Miami Remembers David “Lebo” Le Batard, Dead at 50


As Miami continues its cycle of reinvention, the city’s culture stands to lose much of its identity. The vibrant street art scene many enjoy today had a labored beginning, and much of its early luminaries’ work was demolished or painted over by rampant development. One of its original and most enduring figures, David Le Batard, better known as Lebo, died August 1 at age 50 after a yearlong battle with cancer.

From his “Welcome to Miami Beach” mural on Arthur Godfrey Road and his collaborations with brands like Adidas, Lululemon, and Cross to sharing his identity with brands like the Surfcomber Hotel and Norwegian Cruise Line’s Getaway ship, his art is everywhere in the Magic City.

Lebo, the younger brother of sports personality Dan Le Batard, was instrumental in the outlaw beautification of the city through the graffiti scene and pioneered the local street artist transition into galleries, mainstream appeal, and legitimacy. His instantly recognizable signature — a bold, all-caps font block framing four letters reminiscent of Japanese ukiyo-e woodblock signatures — can be found in murals across the city and on the covers of music albums.

Le Batard’s older brother made the announcement on air during the Dan Le Batard Show With Stugotz, expressing grief at seeing his younger brother waste away.

Miami’s artistic community has shown an outpouring of love for the well-regarded artist, who, in his rise to fame, never forgot who he was, where he came from, and who he met along the way. For contemporary abstract painter Kiki Valdes, it was his high-school days in downtown Miami that exposed him to Lebo’s work.

“He meant so much to us for many different reasons,” said Valdes in a Facebook post. “I remember seeing his mural and quickly tried to contact him. Soon enough, I somehow found his number, and we had a great conversation. He shared insights about art, comics, cartoons, and Mad magazine. Being 18, it was inspiring to have someone older pursuing art and sharing his experience openly and not guarded.”

For Valdes, that relationship continued into his own career, with Lebo often sharing his experiences live painting with the Spam Allstars and introducing him to other players in the local art world.

“He never stopped working, and one of the things about David is when he reached monetary success, he often supported artists,” Valdes added. “He walked into an art show I had in 2013, purchased two paintings, and walked out. He left me truly speechless.”

Residents of Miami who might’ve not been cognizant of Lebo’s street work probably remember his frantic live drawings during sets by the Spam Allstars at Hoy Como Ayer in Little Havana. The band’s founder and leader, Andrew “DJ Le Spam” Yeomanson, fondly remembers his friend and frequent collaborator whose art graced the cover of many of his albums.

“David and his work were one,” Yeomanson says. “He lived his art. It’s hard to think of many mediums that his work didn’t flourish in. He was always generous with his talents. His contributions, in turn, helped many other artists and musicians to succeed. The time we spent creating in the studio, at shows, and in the streets was some of the happiest of my life.”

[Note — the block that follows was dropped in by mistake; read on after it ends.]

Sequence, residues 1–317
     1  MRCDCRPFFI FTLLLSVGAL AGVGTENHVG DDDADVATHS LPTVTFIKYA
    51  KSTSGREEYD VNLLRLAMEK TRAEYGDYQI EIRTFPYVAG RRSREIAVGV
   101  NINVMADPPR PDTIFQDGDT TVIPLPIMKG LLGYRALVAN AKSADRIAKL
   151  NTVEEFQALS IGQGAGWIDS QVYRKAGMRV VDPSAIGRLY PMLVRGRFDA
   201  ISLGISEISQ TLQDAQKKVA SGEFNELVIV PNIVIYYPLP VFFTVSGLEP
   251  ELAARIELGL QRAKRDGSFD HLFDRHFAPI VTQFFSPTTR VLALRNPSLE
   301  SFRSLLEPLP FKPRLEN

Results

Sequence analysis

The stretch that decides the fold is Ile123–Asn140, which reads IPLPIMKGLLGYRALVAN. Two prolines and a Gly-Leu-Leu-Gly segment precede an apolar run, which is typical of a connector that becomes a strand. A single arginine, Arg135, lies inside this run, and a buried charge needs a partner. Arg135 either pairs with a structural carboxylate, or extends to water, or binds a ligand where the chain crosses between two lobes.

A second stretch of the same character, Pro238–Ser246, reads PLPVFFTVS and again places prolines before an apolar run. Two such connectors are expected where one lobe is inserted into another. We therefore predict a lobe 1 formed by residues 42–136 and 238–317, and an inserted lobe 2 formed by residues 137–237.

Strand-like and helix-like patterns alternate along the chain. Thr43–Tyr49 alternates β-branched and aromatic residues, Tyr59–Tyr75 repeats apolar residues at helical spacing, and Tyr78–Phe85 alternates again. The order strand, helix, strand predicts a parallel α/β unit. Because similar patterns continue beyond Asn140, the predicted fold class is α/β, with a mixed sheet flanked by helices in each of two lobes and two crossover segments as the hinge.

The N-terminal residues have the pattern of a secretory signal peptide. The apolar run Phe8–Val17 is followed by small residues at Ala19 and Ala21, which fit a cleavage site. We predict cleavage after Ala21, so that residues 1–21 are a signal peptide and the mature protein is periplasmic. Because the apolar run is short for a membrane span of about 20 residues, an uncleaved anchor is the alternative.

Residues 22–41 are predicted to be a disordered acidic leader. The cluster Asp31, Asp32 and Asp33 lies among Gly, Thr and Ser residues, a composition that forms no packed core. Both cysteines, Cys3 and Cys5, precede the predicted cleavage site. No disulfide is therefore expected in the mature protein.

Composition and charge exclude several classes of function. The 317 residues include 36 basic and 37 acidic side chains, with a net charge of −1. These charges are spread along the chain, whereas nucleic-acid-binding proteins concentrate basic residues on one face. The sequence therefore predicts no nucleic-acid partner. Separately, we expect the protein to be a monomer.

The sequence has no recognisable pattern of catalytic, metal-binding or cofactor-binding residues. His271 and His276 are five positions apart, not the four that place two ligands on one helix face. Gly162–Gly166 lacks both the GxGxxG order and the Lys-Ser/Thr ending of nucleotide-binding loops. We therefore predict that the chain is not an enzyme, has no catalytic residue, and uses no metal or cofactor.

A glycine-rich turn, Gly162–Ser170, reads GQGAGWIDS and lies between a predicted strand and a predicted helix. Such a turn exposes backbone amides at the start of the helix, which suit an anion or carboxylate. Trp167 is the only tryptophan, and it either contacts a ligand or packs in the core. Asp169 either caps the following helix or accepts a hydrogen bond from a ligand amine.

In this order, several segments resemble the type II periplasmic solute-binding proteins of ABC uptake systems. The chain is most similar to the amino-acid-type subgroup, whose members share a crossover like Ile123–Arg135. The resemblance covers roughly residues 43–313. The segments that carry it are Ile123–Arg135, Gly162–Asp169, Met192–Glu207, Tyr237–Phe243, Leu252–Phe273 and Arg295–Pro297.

Lebo, born in New York to Cuban immigrants, became a resident of Broward County in the early 1980s and was a frequent visitor to his grandparent’s Little Havana home. His art evolved from quick graffiti techniques and developed into linked mythology of local characters, vibrant flora and fauna, and cartoon-informed abstractions he termed “postmodern cartoon expressionism.”

“I grew up watching this dude, he was one of the pioneers of the street artists, a graffiti writer, and you know, a lot of the graffiti writers can do a bunch of things, but Lebo was an artist, legit,” says Abel Sanchez, local historian and the force behind the popular Miami Stadium brand and social media cultural repository. “He took that and went beyond with his talent and parlayed that into a legitimate career.”

Sanchez, who’s been amassing a visual record of South Florida and Miami’s sports and cultural history, had a special connection to Lebo through both worlds, being the same age and shared heritage.

“That Cuban-American background that we can all relate to, he was raised down here, went to FIU, he was one of us. You saw him around,” he says. “It’s funny because, at first, it was like, ‘Yo, did you hear? Dan’s little brother is an artist.’ And he went on from being Dan’s little brother to being his own man.”

“He captured his roots and the essence of Cuban-American culture and put it across in a way that very few people have.”

Other high-profile collaborators, like Norwegian and the Miami Heat, have released their sentiments on Lebo’s passing.

Lebo’s mark on the city will shine for years to come — perhaps even secured by his tragic and untimely passing. The one thing the city’s schizophrenic cycle will never take away is his spirit and the lives he touched. As he told New Times in 2016, “What I’m trying to do with my work is point out the light and move toward the light. And thankfully, I’ve found collectors who believe in that message. My life has been great. I’m fortunate.”

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